An expression of sorrow and sympathy, usually to somebody who is grieving over a death.
"In front of the adults, Esperanza modeled Mama's refined manners, accepting Marisol's condolences. But as soon as they could, the two girls excused themselves and went to Esperanza's room where they sat on her bed, held hands, and wept as one" (pg. 26).
Phoenix 
Mythological bird; in ancient mythology, a bird resembling an eagle that lived for 500 years and then burned itself to death on a pyre from whose ashes another phoenix arose. It commonly appears in literature as a symbol of death and resurrection. 
"'We are like the phoenix,' said Abuelita. 'Rising again, with a new life ahead of us'" (pg. 50).
Undulate
To move in waves or in a movement resembling waves.

"For hours, Esperanza watched the undulating land pass in front of her" (pg. 68).

Immunize
To make somebody resistant to a disease, especially by vaccination.
"For those who live here most of their lives, they are naturally immunized" (pg. 156).
Indignation

Anger because something seems unfair or unreasonable.

 

"Sometimes she felt as if she lived in a cocoon, protected from much of the indignation" (pg. 188). 

 

 

Tier III: Extended Vocabulary Words

Scythe
A tool with a long handle and a long curved single-edged blade, used to cut grass, crops, or similar plants by swinging the blade horizontally close to the ground.
"The short blade was curved like a scythe, its fat wooden handle fitting snugly in her palm" (pg. 4). 
Capricious
Tending to make sudden unexpected changes .
"But Esperanza loved her more for her capricious ways than for her propriety" (pg. 13). 
Monotonous
Repetitious and uninteresting. 
"The song of the locomotive was monotonous as they traveled north, and the hours seemed like Mama's never-ending ball of thread unwinding in front of them" (pg. 72).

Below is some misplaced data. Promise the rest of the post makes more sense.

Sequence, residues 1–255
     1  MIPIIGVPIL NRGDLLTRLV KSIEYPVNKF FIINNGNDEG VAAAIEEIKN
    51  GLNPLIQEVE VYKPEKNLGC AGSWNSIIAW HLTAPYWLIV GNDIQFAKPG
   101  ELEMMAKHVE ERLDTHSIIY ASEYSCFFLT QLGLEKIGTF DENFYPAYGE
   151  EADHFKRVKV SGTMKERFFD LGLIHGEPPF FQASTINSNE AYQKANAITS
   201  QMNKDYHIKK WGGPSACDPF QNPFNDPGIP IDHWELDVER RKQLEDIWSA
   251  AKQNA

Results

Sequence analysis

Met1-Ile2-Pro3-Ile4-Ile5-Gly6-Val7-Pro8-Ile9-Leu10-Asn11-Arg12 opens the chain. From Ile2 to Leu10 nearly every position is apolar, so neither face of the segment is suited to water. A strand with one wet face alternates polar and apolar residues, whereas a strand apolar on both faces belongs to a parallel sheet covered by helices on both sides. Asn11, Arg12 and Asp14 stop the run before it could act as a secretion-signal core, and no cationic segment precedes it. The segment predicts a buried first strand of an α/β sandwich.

Tamarisk
A tree or bush with leaves resembling scales. 
"She brooded as they rode past miles of young tamarisk trees that seemed to be the border of someone's property" (pg. 99). 
Spigot
A faucet.
"There was a long pipe that lay on top of the ground and a line of water spigots sticking up from it" (pg. 193). 

 

 

 

Go to:

 

Return to:

Comments (2)

Steffanie Bristow said

at 8:03 pm on Feb 26, 2011

Andrew - I like the layout of your vocab page - particularly the inclusion of the book context and flashcard links. The links worked as expected, the page holds a lot of visual appeal and is nicely categorized.

Did you mean to say "was wrong" in the text reference for Strikers? Were the definitions provided in your words or is there a source(s) that should be referenced? Will students be able to easily comprehend the definitions - for example will they know what a "foreign national" is? If not this may impede their ability to learn the designated key word.

Steffanie Bristow said

at 8:04 pm on Feb 26, 2011

Oh, one other thought...you may want to move the vocab activities link higher up on the page so if someone visits this page and fails to scroll all the way to the bottom they'll still see it...hopefully choosing to pursue your activities instead of heading out to another destination on the www.

You don't have permission to comment on this page.